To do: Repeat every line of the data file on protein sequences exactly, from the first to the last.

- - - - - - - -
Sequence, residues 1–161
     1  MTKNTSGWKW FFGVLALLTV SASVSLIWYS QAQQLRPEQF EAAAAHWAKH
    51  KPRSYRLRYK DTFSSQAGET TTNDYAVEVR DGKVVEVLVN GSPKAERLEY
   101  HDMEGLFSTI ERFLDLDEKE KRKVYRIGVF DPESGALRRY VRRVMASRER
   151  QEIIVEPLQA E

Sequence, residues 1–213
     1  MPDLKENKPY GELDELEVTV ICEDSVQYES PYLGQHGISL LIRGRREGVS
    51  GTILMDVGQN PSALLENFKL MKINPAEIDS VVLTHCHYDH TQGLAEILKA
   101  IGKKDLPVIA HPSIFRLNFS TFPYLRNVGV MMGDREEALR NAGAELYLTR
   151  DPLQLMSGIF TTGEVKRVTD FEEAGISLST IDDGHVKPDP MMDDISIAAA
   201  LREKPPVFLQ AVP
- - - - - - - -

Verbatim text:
Sequence, residues 1–161
     1  MTKNTSGWKW FFGVLALLTV SASVSLIWYS QAQQLRPEQF EAAAAHWAKH
    51  KPRSYRLRYK DTFSSQAGET TTNDYAVEVR DGKVVEVLVN GSPKAERLEY
   101  HDMEGLFSTI ERFLDLDEKE KRKVYRIGVF DPESGALRRY VRRVMASRER
   151  QEIIVEPLQA E

Sequence, residues 1–213
     1  MPDLKENKPY GELDELEVTV ICEDSVQYES PYLGQHGISL LIRGRREGVS
    51  GTILMDVGQN PSALLENFKL MKINPAEIDS VVLTHCHYDH TQGLAEILKA
   101  IGKKDLPVIA HPSIFRLNFS TFPYLRNVGV MMGDREEALR NAGAELYLTR
   151  DPLQLMSGIF TTGEVKRVTD FEEAGISLST IDDGHVKPDP MMDDISIAAA
   201  LREKPPVFLQ AVP